by K.M. Zahrt
This is the fourth and final installment of this series on Dave Eggers.
In many ways, Dave Eggers’ latest novel, Your Fathers, Where Are They? And the Prophets, Do They Live Forever (2014), seems to be a fictional response to the cultural paradox these controversies represent — the constant polarization of views on any creation or action, where the creator or actor must navigate critical waters between success and failure, between innovation and arrogance, between sentimental and sellout, between snark and smarm, and even between civil and criminal behaviors.
The protagonist of this book, Thomas, is in many ways, in postmodern fashion, the antagonist as well — a representation of our conflict-driven culture. The reader is at times compelled to both sympathize and even empathize with Thomas, but is also at other times compelled, like his subjects, to reject him, his actions, and his motivations. Thomas kidnaps several people, brings them to an abandoned army base, and demands that they answer his questions. At times the questions are targeted interrogations about specific events in his life, the life of his subjects, or the life of his friend, Don Banh, who was tragically killed in a stand-off with police officers. At other times the questions are large sweeping investigations into philosophical ideas.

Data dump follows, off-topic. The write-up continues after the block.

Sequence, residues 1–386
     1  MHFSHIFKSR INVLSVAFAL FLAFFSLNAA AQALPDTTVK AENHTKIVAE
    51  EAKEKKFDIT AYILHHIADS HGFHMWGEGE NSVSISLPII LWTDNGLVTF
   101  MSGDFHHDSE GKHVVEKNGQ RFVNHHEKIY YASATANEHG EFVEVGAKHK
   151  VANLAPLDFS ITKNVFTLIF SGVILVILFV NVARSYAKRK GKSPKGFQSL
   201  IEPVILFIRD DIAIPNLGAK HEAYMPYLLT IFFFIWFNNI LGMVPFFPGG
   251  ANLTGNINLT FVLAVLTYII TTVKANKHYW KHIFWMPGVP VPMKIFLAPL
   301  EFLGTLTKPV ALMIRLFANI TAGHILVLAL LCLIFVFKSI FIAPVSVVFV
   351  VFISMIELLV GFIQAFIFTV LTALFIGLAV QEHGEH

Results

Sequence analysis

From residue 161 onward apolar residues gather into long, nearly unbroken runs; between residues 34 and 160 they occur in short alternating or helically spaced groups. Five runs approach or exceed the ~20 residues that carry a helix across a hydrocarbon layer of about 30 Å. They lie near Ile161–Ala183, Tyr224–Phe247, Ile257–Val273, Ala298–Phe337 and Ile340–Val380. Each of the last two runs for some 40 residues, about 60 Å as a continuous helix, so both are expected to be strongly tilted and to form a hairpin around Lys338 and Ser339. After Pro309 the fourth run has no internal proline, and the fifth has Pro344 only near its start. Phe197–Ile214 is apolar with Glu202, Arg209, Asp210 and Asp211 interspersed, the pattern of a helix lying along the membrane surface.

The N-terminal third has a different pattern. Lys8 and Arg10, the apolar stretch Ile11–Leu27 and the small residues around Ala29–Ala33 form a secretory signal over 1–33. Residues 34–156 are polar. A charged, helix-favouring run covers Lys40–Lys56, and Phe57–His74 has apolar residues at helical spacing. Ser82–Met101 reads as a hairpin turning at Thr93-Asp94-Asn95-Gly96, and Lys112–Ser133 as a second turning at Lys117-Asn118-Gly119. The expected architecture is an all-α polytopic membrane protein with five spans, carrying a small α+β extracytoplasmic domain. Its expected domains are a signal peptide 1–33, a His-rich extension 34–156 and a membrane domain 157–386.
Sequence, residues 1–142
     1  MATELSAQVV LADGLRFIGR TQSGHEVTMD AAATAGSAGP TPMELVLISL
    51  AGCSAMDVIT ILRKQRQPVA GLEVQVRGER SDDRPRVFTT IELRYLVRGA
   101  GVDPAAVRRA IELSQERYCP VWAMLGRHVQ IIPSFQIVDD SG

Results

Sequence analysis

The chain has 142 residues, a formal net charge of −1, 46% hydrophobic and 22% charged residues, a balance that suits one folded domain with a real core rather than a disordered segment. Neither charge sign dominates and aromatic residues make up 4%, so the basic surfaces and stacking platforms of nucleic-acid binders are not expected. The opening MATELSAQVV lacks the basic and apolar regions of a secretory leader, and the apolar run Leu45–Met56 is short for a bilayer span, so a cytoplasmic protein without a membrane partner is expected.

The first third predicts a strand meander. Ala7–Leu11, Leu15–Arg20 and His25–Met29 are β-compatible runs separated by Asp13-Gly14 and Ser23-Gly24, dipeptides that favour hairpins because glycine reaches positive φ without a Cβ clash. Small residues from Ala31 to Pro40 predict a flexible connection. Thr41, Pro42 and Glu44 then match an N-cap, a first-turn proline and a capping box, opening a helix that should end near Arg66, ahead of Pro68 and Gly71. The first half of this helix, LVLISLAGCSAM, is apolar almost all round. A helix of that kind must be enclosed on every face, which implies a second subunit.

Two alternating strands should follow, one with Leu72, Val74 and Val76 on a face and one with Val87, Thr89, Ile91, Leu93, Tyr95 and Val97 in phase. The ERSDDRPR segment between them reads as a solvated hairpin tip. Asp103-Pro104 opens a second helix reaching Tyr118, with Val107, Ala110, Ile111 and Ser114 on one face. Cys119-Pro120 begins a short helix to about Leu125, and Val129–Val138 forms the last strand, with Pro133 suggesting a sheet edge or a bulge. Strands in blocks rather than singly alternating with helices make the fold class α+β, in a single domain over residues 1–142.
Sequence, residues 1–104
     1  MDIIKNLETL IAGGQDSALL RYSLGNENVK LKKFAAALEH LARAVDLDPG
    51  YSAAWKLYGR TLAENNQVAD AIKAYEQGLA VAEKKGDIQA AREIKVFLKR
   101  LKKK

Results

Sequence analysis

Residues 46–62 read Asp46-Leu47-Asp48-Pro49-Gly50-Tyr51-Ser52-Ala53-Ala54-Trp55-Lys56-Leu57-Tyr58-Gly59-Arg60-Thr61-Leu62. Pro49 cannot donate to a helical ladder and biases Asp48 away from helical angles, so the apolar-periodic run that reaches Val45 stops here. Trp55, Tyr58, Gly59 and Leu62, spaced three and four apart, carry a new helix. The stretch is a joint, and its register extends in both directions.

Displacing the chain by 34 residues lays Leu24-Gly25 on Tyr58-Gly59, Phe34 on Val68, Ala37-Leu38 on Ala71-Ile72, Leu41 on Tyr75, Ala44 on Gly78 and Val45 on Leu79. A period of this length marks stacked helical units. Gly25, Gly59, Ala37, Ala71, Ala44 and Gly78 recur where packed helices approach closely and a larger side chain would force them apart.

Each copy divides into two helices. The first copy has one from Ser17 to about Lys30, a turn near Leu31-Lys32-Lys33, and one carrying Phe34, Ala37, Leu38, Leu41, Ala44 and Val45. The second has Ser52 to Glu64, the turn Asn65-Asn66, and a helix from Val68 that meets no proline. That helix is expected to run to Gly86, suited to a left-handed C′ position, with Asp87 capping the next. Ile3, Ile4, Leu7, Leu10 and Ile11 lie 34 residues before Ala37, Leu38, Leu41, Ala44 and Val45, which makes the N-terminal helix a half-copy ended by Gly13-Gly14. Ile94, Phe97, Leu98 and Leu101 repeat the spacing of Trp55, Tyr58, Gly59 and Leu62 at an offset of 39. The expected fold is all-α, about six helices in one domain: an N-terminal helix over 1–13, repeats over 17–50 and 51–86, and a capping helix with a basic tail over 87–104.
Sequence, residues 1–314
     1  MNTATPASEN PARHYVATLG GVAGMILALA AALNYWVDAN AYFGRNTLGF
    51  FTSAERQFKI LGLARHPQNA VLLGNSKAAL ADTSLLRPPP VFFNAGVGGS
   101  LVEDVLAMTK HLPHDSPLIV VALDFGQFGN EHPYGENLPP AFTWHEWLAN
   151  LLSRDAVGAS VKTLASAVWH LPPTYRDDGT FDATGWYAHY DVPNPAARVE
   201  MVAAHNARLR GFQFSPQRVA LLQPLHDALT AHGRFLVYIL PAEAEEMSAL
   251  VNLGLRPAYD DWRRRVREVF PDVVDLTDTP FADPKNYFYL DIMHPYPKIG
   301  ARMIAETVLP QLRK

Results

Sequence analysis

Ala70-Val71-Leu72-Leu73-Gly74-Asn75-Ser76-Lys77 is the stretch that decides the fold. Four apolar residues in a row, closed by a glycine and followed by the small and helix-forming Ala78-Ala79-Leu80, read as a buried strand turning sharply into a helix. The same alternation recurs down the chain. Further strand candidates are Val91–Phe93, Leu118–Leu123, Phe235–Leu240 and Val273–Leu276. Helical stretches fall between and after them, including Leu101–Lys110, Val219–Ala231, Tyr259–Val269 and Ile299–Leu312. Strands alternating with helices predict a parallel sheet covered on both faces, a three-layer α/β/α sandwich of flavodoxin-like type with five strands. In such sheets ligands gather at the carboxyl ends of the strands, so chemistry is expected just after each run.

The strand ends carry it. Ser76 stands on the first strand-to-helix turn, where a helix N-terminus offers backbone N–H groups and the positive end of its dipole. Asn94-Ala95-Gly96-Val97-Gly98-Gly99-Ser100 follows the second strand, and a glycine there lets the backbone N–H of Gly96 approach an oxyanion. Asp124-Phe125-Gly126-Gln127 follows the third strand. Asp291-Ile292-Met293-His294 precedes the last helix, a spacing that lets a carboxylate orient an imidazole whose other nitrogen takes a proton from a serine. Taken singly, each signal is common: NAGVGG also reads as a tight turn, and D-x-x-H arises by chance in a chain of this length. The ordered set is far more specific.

In keeping with the original question of this series — What will be the controversy this time? — I combed the Internet looking for signs. What I’ve found thus far has been conflicting views on whether or not this book is any good, which pleases me. So far, the debate has not been about genre labeling theories or Eggers’ real-life subject who seems to have misrepresented himself or perhaps been misrepresented in a book (Part 1). It’s not about who owns which ideas and who can use them to write a book (Part 2). It’s not about the right to be critical and the right to be courteous (Part 3). All of these are meta-text.